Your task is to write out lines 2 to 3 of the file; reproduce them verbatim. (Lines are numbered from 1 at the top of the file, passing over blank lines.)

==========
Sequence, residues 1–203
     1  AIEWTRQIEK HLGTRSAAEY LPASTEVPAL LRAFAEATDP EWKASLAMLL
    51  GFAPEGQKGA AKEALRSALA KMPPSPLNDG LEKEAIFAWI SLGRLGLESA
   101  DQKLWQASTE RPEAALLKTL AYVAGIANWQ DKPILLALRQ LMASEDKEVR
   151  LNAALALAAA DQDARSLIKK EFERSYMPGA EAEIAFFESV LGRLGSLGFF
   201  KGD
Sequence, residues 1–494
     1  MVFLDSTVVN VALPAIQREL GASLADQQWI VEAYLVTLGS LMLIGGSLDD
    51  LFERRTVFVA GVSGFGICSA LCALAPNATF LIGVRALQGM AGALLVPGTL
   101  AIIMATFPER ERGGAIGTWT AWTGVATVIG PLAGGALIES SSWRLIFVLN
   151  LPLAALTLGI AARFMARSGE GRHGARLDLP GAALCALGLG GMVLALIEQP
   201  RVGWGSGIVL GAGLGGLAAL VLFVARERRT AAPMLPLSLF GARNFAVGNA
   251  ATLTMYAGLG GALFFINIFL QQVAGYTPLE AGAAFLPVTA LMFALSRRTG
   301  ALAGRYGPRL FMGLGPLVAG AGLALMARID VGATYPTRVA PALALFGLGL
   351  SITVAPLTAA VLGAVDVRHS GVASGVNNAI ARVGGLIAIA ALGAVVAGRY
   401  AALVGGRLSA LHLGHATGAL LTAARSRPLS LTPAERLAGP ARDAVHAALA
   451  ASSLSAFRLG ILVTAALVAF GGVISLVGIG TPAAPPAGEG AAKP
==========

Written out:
     1  AIEWTRQIEK HLGTRSAAEY LPASTEVPAL LRAFAEATDP EWKASLAMLL
    51  GFAPEGQKGA AKEALRSALA KMPPSPLNDG LEKEAIFAWI SLGRLGLESA